The nation is getting hammered by extreme weather beyond what builders imagined, leaving states and cities searching for ways to brace for more catastrophes like Superstorm Sandy.
Even as they prepare for a new normal of intense rain, historic floods and record heat waves, some planners find it too politically sensitive to say aloud the source of their weather worries: climate change.
Wild weather is taking a toll across the country.
In Washington state, “we joked we were having 100-year storms every year,” said Paula Hammond, head of the state’s Department of Transportation.
What is a 50 year occurrence?
States and cities are trying to come to terms with what the change means to them and how they can prepare for it. Generally most buildings, including pole buildings, are designed for “once in 50 year occurrences”, meaning the design loads of buildings will be exceeded once every 50 years. Now Design Professionals are reconsidering how to do this, or even whether they can, with so much uncertainty.
No single weather event, even a storm like Sandy, can be ascribed with certainty to climate change, according to scientists. But the increasing severity of extreme events fits with the kind of changing climate conditions which scientists have observed.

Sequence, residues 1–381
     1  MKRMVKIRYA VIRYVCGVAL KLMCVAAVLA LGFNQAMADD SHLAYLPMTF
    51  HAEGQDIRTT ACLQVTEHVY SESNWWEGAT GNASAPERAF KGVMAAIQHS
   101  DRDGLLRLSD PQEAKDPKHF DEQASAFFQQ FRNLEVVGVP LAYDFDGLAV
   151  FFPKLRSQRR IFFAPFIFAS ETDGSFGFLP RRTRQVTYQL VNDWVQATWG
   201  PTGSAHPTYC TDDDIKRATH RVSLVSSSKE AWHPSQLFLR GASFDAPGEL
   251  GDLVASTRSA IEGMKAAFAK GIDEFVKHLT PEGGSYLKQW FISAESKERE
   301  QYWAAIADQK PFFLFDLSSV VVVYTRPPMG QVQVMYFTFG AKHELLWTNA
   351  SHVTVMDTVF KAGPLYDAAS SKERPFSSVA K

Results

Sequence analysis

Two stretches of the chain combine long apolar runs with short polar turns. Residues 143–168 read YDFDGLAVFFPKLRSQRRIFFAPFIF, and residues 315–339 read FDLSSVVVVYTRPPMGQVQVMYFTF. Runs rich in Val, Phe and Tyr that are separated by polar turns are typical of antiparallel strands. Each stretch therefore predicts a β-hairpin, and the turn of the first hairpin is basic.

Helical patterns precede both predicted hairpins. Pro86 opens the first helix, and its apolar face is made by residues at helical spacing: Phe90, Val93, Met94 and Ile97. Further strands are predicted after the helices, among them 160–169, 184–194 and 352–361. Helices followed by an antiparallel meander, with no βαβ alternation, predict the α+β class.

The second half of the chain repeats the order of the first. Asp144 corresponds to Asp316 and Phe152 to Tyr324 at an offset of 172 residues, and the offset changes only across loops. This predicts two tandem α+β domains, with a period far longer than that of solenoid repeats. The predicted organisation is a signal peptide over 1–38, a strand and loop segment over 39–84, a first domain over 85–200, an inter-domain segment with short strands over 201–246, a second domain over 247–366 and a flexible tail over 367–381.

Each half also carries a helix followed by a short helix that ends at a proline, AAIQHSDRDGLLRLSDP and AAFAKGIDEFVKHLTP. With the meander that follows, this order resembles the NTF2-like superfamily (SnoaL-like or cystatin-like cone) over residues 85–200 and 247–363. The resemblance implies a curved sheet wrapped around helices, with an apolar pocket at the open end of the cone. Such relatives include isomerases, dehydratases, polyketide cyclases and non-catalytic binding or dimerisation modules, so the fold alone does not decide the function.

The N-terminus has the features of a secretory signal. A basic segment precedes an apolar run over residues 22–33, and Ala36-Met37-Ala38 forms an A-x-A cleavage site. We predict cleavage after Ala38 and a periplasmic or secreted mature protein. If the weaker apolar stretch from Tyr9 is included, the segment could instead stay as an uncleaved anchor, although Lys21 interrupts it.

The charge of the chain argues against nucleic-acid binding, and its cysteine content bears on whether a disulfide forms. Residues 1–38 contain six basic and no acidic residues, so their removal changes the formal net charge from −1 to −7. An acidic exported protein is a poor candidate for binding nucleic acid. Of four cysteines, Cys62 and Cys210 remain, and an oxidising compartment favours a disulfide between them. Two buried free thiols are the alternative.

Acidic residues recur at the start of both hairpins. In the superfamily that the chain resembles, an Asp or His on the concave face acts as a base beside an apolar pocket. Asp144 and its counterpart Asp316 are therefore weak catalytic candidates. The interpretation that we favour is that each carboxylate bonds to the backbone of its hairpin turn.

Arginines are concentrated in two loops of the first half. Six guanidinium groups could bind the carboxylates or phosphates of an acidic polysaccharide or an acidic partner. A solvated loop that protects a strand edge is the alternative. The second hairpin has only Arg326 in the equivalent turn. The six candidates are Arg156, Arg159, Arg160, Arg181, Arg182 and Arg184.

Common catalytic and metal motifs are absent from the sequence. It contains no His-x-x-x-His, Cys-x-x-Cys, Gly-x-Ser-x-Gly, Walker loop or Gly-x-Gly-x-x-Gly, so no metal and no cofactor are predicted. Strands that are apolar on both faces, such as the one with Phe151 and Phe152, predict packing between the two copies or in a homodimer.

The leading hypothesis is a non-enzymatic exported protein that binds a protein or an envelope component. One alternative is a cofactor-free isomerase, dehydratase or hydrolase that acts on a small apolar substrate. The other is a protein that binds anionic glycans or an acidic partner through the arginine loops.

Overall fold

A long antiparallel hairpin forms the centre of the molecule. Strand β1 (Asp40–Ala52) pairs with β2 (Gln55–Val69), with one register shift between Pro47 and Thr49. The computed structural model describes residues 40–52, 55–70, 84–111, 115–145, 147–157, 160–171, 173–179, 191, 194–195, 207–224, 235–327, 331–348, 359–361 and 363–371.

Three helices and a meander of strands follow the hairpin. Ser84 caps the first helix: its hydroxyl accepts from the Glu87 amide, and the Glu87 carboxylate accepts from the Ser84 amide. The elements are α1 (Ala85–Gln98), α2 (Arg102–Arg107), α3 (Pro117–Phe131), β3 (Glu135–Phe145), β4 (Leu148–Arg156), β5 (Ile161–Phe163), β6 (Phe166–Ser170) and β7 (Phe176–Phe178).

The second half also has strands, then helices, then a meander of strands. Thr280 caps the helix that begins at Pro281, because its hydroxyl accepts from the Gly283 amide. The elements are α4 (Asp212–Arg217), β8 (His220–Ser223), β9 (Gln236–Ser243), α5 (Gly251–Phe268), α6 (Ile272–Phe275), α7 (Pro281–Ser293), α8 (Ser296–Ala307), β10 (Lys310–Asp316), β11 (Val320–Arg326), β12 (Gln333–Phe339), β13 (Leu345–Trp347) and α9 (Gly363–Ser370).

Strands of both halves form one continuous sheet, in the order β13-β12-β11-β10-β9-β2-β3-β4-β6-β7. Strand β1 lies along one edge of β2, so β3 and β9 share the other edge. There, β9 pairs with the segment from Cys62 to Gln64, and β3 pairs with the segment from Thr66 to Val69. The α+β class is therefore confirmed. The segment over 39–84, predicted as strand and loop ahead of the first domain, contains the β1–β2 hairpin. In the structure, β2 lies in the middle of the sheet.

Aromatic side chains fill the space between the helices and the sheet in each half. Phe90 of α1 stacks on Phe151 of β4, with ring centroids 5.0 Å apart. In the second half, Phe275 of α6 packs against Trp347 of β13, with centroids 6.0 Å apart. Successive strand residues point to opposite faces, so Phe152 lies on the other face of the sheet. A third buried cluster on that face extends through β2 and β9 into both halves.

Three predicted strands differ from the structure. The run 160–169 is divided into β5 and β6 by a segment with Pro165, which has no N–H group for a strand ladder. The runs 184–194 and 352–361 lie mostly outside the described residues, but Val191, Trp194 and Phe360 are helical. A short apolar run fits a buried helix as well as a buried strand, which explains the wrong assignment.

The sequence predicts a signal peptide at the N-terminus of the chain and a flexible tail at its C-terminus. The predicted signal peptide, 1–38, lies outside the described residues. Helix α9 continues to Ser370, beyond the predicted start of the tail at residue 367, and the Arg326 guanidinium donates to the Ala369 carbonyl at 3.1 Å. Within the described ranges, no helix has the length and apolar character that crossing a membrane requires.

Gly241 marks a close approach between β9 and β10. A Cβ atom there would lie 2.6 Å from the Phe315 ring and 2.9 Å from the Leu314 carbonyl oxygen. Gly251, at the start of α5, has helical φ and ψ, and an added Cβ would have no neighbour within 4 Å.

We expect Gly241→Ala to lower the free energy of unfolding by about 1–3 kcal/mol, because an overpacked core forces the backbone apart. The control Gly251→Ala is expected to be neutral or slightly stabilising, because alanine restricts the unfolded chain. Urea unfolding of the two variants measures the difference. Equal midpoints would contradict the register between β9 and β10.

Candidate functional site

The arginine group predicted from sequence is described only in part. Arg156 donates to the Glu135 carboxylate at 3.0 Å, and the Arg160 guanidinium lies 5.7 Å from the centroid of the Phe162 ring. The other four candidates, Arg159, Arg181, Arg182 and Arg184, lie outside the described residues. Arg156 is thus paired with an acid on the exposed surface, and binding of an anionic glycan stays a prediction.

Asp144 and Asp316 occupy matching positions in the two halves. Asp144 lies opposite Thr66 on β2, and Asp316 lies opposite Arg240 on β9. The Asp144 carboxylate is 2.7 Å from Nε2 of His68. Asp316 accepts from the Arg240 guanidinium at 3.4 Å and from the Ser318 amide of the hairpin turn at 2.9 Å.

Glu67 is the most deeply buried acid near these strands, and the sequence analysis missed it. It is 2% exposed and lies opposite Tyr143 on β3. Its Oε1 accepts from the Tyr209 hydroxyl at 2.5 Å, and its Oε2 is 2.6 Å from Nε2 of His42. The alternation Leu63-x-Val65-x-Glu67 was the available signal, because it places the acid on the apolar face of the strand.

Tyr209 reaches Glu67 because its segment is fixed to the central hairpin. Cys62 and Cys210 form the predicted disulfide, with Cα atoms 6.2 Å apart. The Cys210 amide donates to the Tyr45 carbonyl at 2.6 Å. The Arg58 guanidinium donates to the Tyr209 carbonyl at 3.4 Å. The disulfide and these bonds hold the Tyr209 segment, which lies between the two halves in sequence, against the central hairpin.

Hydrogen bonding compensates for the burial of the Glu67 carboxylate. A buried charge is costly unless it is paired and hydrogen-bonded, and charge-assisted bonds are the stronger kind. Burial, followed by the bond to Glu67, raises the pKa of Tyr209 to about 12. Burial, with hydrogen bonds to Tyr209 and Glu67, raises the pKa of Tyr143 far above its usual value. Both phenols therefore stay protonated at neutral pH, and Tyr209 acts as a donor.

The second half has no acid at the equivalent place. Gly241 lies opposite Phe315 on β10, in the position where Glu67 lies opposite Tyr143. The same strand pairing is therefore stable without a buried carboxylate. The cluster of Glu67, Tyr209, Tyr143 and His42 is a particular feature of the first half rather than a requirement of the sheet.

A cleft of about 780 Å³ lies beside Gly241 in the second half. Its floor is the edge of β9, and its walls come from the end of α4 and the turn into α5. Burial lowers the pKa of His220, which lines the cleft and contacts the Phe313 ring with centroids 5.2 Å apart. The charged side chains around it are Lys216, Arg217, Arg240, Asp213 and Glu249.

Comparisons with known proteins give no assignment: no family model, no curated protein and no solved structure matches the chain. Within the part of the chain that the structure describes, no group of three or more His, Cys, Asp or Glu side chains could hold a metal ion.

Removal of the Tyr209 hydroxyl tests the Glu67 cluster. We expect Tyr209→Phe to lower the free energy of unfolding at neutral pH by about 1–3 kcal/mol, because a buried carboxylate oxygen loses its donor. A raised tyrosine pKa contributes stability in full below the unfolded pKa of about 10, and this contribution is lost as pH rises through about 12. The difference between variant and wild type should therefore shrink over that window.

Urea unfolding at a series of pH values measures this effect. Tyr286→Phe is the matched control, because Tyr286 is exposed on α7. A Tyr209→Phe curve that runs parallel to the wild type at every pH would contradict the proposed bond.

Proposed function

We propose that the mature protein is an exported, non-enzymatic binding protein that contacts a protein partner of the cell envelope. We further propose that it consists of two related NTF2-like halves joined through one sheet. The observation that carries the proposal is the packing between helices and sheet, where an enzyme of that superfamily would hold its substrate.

In the state of Washington, “we have seen more erratic weather patterns that we haven’t had before, so we really can’t imagine what kind of winter or summer we’re going to have anymore,” Hammond said.
About half the states have taken some steps toward assessing their most critical vulnerabilities, experts said. But few have gone to the next step of making preparations.
Climate change conflict?
Planning for weather extremes is hampered by reluctance among many officials to discuss anything labeled “climate change,” John Horsley, executive director of the American Association of State Highway and Transportation Officials said.
“In the Northeast, you can call it climate change. … That’s an acceptable term in that region of the country,” he said. “Elsewhere, in the South and the (Mountain) West, it’s still not an acceptable term because of ideology or whatever you want to call it.”
How can you safeguard new pole buildings?
There are ways to deal with the possibility of extreme weather on an individual basis. By increasing the design snow and wind loads being applied to a pole building by 15%, means a doubling in the predicted structural lifespan. Oftentimes, the costs to upgrade loading by this amount, or even more, is minimal in relationship to the overall cost of the building project.